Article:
Intrauterine bone marrow transplantation in osteogenesis imperfecta mice yields donor osteoclasts and osteomacs but not osteoblasts

Millard, Susan M., Pettit, Allison R., Ellis, Rebecca, Chan, Jerry K. Y., Raggatt, Liza J., Khosrotehrani, Kiarash and Fisk, Nicholas M. (2015) Intrauterine bone marrow transplantation in osteogenesis imperfecta mice yields donor osteoclasts and osteomacs but not osteoblasts. Stem Cell Reports, 5 5: 682-689. doi:10.1016/j.stemcr.2015.09.017


Author Millard, Susan M.
Pettit, Allison R.
Ellis, Rebecca
Chan, Jerry K. Y.
Raggatt, Liza J.
Khosrotehrani, Kiarash
Fisk, Nicholas M.
Title Intrauterine bone marrow transplantation in osteogenesis imperfecta mice yields donor osteoclasts and osteomacs but not osteoblasts
Journal name Stem Cell Reports   Check publisher's open access policy
ISSN 2213-6711
Publication date 2015-11-10
Year available 2015
Sub-type Article (original research)
DOI 10.1016/j.stemcr.2015.09.017
Open Access Status DOI
Volume 5
Issue 5
Start page 682
End page 689
Total pages 8
Place of publication Cambridge, MA United States
Publisher Cell Press (Elsevier)
Collection year 2016
Language eng
Formatted abstract
Osteogenesis imperfecta (OI) represents a spectrum of genetic disorders characterized by skeletal fragility and low-impact fractures. Severity ranges from modest fracture risk to extreme risk with intrauterine fractures and skeletal malformations. Heterogeneity results from variability in the range of causative mutations, with the vast majority directly affecting the principle protein component of bone, collagen type I, resulting in bone matrix of insufficient quantity and/or quality (Cundy, 2012). Bisphosphonates, anti-resorptive drugs that reduce bone turnover, are commonly prescribed in severe OI; while they increase bone mass, their efficacy in reducing fractures is less clear (Dwan et al., 2014 and Palomo et al., 2015). Furthermore, their mode of action does not address the underlying cause of OI and is associated with undesirable skeletal side effects in children (Rauch et al., 2007).

Cell therapy has considerable potential in treating OI, as replacing abnormal osteoblasts, the bone-forming cells with defective bone matrix production, with normal functioning osteoblasts should improve both bone quality and quantity and mimic the naturally occurring mosaic mutation carriers who demonstrate normal skeletal health (Cabral and Marini, 2004). Thus, replacement of just 25% of osteoblasts may deliver significant benefit to OI patients. Small clinical trials and isolated case studies of cell therapy for severe OI have already been undertaken, with considerable variation in transplantation protocols and donor cell source. Growth velocity transiently improved in children with OI following both bone marrow transplantation and subsequent mesenchymal stromal/stem cell (MSC) transplantation (Horwitz et al., 1999, Horwitz et al., 2001 and Horwitz et al., 2002). Clinical experience following in utero transplantation of fetal MSC is also consistent with modest transient benefit (Götherström et al., 2014 and Le Blanc et al., 2005). Given the low-level donor chimerism reported, this cannot be conclusively attributed to donor osteopoiesis. These few case studies are also subject to confounding factors of bisphosphonate co-treatment and inherent phenotypic heterogeneity of OI. While promising, the potential of cell therapy has yet to be substantiated and is now more comprehensively addressed in preclinical studies.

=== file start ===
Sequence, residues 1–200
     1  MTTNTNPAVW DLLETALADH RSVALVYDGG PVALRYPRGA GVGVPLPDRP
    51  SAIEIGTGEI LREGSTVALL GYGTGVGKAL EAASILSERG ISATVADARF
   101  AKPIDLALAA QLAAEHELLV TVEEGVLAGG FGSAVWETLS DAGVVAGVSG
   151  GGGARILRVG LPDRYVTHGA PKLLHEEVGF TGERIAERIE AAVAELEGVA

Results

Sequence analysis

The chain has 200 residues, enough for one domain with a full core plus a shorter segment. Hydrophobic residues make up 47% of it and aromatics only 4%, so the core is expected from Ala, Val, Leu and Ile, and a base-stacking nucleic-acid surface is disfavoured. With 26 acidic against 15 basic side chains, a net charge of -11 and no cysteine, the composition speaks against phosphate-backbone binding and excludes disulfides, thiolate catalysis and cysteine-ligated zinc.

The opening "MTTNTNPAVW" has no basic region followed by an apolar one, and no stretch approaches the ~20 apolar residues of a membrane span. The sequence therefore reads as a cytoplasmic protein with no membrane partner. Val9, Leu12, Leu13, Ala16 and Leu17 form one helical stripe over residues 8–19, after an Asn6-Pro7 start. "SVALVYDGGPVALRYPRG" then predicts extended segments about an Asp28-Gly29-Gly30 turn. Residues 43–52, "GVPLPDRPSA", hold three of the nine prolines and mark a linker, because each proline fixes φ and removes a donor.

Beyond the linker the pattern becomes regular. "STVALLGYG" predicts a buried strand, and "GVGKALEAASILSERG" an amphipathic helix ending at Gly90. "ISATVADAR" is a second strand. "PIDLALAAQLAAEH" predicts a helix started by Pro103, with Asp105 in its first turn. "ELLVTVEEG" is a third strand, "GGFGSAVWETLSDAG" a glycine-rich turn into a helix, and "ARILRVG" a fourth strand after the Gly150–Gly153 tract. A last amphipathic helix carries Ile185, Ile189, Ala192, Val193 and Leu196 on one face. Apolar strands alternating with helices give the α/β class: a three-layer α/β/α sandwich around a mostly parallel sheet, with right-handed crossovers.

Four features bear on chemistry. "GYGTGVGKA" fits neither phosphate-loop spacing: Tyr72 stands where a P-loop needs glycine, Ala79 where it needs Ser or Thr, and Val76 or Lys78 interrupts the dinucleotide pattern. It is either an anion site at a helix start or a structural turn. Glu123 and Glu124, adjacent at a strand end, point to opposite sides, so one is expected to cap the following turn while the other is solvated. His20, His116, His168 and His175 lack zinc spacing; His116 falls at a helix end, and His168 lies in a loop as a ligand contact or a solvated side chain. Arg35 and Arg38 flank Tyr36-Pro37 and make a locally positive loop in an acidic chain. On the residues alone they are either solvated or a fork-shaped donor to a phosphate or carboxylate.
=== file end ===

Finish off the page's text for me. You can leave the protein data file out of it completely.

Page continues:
Preclinical models allow assessment of cell therapy in larger sample sizes with more consistent disease presentation in the absence of confounding co-therapies. The key target for cell replacement is the osteoblast that produces the collagen type I bone matrix. As such, mesenchymal stromal/stem cells (MSCs) are an obvious cell therapy candidate, as they are believed to be the source of long-term osteoblast repopulation in vivo. However, a recent study on adolescent osteogenesis imperfecta (oim/oim) mice concluded non-adherent BM cells were superior to MSC at contributing to osteopoiesis ( Otsuru et al., 2012). Furthermore, intra-uterine transplantation of murine whole BM in the Brtl IV mouse model of OI reduced perinatal lethality and was associated with improved bone biomechanics ( Panaroni et al., 2009). However, the methods to quantitate chimerism were independent of rigorous confirmation of donor cells being osteoblasts. This is of particular concern following BM transplantation, where donor cells may contribute to hematopoietic-derived bone cells, including osteoclasts and osteal macrophages ( Chang et al., 2008). Hence, the capacity of donor cells to contribute to osteopoiesis following bone marrow transplantation remains unclear. To address this, we profiled the identity of bone-associated donor cells following intra-uterine bone marrow transplantation in the oim/oim mouse.
Q-Index Code C1
Q-Index Status Provisional Code
Institutional Status UQ

 
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